A "global safety net" to reverse biodiversity loss and stabilize earth's climate

E. Dinerstein, A. R. Joshi, C. Vynne, A. T.L. Lee, F. Pharand-Deschênes, M. França, S. Fernando, T. Birch, K. Burkart, G. P. Asner, D. Olson

Research output: Contribution to journalArticlepeer-review

129 Scopus citations


Global strategies to halt the dual crises of biodiversity loss and climate change are often formulated separately, even though they are interdependent and risk failure if pursued in isolation. The Global Safety Net maps how expanded nature conservation addresses both overarching threats. We identify 50% of the terrestrial realm that, if conserved, would reverse further biodiversity loss, prevent CO2 emissions from land conversion, and enhance natural carbon removal. This framework shows that, beyond the 15.1% land area currently protected, 35.3% of land area is needed to conserve additional sites of particular importance for biodiversity and stabilize the climate. Fifty ecoregions and 20 countries contribute disproportionately to proposed targets. Indigenous lands overlap extensively with the Global Safety Net. Conserving the Global Safety Net could support public health by reducing the potential for zoonotic diseases like COVID-19 from emerging in the future.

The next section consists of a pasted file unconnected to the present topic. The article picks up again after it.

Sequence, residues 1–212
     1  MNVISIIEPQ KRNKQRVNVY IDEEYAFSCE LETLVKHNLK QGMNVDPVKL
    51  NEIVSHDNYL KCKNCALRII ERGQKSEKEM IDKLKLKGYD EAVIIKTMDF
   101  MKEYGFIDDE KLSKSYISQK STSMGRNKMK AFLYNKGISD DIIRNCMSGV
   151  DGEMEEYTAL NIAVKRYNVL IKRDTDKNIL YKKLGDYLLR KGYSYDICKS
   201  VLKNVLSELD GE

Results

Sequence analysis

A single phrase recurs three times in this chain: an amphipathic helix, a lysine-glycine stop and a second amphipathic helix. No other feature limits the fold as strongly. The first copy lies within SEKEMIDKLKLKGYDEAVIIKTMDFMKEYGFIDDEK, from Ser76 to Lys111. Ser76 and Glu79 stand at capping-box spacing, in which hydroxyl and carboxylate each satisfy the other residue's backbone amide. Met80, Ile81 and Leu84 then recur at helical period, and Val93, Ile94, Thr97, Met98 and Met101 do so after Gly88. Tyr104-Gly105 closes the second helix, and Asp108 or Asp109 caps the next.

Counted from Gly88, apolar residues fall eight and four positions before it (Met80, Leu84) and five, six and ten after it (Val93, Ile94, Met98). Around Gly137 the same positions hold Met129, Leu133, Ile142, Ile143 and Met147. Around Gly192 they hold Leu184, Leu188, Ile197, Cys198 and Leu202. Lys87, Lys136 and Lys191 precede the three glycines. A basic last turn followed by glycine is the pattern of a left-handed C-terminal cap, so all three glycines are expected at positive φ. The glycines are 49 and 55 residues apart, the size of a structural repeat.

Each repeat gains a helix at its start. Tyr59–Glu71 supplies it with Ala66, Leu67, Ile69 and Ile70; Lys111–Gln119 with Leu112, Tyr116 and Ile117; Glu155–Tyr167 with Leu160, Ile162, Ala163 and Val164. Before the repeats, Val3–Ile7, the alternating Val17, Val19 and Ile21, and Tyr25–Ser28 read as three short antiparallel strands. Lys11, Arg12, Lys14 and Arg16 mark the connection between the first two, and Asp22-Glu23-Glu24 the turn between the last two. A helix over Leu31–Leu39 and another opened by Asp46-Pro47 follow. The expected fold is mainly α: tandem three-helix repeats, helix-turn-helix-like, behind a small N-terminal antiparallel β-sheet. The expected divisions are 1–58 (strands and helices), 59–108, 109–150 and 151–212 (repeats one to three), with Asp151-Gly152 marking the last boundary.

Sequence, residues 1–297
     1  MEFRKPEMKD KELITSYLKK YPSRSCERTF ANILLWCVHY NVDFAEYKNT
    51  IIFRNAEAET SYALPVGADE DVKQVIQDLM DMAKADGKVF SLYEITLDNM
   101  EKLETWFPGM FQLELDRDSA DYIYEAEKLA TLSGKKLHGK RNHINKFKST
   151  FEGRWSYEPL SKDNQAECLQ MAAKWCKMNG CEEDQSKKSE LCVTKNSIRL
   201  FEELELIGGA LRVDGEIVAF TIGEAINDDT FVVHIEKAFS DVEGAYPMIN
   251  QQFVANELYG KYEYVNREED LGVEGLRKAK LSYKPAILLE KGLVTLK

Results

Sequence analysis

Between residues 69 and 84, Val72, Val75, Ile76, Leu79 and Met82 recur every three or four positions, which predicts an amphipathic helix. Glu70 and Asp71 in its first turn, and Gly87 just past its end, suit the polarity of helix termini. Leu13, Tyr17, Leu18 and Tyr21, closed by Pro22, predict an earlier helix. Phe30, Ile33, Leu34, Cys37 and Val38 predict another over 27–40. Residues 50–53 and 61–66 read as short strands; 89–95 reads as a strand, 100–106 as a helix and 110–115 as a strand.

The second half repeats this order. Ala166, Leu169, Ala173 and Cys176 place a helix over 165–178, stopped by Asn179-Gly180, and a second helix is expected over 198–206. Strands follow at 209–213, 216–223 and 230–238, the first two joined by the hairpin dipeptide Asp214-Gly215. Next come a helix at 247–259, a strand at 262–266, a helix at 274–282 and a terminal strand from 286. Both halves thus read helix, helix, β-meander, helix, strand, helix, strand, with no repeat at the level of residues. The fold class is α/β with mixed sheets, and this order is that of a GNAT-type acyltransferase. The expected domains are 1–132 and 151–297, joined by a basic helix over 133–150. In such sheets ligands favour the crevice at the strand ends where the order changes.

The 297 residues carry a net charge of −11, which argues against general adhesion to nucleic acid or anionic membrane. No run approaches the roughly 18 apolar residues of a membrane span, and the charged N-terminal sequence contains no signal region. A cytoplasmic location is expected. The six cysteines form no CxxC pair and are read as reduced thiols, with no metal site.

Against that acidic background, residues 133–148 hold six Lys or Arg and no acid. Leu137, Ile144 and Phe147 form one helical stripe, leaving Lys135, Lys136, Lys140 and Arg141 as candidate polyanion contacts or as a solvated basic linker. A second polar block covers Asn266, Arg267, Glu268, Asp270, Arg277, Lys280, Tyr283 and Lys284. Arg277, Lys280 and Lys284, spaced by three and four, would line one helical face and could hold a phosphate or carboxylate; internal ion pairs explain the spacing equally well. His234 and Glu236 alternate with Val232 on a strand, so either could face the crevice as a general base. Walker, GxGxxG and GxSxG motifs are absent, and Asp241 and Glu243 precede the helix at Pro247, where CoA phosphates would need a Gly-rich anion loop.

Original languageEnglish (US)
Article numbereabb2824
JournalScience Advances
Issue number36
StatePublished - Sep 2020

ASJC Scopus subject areas

  • General


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